Schipperke

Schipperke

A small, cobby, spitz-looking dog (with an abundant, harsh coat, curled tail over the back – unless born tail-less, a foxy face and prick ears), the Schipperke is usually black, but the coat can come in any solid colour. Adult dogs usually stand at 21-33cm and weigh approximately 5.5-7.5kg.

Schipperke
  • Category size: Small
  • Grooming requirements: Once a week
Physical
  • Shedding: Moderate
  • Allergies: No
  • Noise: Vocal
  • Dog Group Kennel Club: Utility
Schipperke
  • Alone: 1 to 3 hours
  • Other pets: Medium
  • Stability as a guard: High

Origin

Some say the Schipperke dog breed is a miniature sheepdog, a smaller version of the Leauvenaar, a black sheepdog from Belgium. Others are convinced the Schipperke is a Spitz breed, and he certainly looks more like the latter. Regardless, it is known that he dates back to at least the 17th century, as a Schipperke show was put on in 1690 at the Grand Palace of Brussels. He was used on the canals of Belgium, guarding the barges, was a popular companion of shoemakers, and a renowned killer of rodents.

Personality

A lively, alert little dog, the Schipperke is loyal, amenable and good-natured. He can be stubborn and mischievous, especially around other dogs if insufficiently socialised when a puppy.

Health

The Schipperke dog is generally quite a hardy breed, but they can suffer some inherited neurological conditions, and hip disorders

Exercise

About half an hour's daily exercise is needed as a minimum, though this active little dog would happily accept more if you can offer it.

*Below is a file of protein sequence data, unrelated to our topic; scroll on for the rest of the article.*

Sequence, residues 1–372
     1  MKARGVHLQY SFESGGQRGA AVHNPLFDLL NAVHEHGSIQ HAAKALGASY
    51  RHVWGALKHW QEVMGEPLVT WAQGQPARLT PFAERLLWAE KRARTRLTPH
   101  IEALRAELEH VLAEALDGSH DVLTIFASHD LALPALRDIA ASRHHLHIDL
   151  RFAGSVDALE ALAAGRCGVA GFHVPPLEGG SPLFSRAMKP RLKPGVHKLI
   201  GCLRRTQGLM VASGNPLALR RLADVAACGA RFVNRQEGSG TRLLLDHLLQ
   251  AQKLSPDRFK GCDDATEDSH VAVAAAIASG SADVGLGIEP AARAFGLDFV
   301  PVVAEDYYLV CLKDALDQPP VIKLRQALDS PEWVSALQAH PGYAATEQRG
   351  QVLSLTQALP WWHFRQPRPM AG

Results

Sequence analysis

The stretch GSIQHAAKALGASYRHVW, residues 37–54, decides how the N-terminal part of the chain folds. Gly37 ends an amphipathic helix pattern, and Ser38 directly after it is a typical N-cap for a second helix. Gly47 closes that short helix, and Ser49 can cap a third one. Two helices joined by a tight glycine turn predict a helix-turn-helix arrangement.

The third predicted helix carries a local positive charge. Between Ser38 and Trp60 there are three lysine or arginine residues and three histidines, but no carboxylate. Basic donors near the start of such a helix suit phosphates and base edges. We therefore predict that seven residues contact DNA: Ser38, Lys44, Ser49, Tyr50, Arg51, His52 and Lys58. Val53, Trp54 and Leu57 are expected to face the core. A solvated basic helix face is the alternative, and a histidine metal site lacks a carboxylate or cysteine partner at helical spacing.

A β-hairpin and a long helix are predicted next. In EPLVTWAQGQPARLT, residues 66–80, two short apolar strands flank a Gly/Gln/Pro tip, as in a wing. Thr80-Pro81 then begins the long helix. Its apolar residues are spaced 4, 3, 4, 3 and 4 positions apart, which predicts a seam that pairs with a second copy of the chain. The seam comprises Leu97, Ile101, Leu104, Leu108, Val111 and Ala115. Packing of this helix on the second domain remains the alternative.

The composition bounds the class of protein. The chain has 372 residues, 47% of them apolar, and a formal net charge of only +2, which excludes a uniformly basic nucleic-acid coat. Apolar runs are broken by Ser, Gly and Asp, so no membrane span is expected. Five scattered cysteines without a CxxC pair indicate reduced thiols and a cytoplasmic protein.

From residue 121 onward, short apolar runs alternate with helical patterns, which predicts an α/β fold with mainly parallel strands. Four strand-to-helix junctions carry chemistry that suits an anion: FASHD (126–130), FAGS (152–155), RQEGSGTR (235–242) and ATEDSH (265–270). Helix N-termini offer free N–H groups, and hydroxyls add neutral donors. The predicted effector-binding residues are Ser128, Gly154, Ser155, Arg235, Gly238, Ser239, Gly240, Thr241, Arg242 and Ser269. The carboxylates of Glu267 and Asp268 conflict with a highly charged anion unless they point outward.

Nutrition

Small dogs have a fast metabolism, meaning they burn energy at a high rate, although their small stomachs mean that they must eat little and often. Small-breed foods are specifically designed with appropriate levels of key nutrients and smaller kibble sizes to suit smaller mouths. This also encourages chewing and improves digestion.

Grooming

The profuse coat is thick and dense. It is generally smooth and lies close, but there is a mane around the neck, where it stands off, and 'culottes' on the back of the thighs. A thorough groom once a week will keep it in good order.

dog-breed image missing

Is this the right dog breed for you?

All dogs have their own, unique personality, but some instincts and behaviours they’re born with. Try our breed selector and find out which dog breeds better match your preferences and lifestyle. If you and your dog enjoy similar things, you will be more likely to live a happy, fulfilling life together.

BREED SELECTOR COMING SOON>

What to Consider next

Adoption

It is incredibly fulfilling to adopt a dog from an animal shelter or rescue organization. It often means offering them a second chance in life. There are many dogs waiting for a loving family, a forever home. Reputable centers will be very careful about matching the right people with the right dogs. Staff learns all they can about the dogs they take in, and will spend time getting to know you, your family and your lifestyle, before they match you with any of their dogs. They’ll also be happy to give you advice and answer any questions you might have before and after the adoption.

Finding a good breeder

If your heart is set on a pedigree puppy, then your best bet is to find a reputable breeder. Contact The Kennel Club or a breed-club secretary who may have a list of litters available, or should be able to put you in contact with breeders in your area. Try to choose a breeder who is part of the Kennel Club’s assured breeder scheme.Visit dog shows to meet breeders in person and inquire about availability of pups of your chosen breed.

Welcoming your dog home

Whether you’re bringing home a tiny puppy or rehoming an adult dog, this is a hugely exciting time for everyone. While you’re waiting for the big day you might need to distract yourself, so luckily there are a few things you need to sort out before you welcome your new arrival. Click here for more information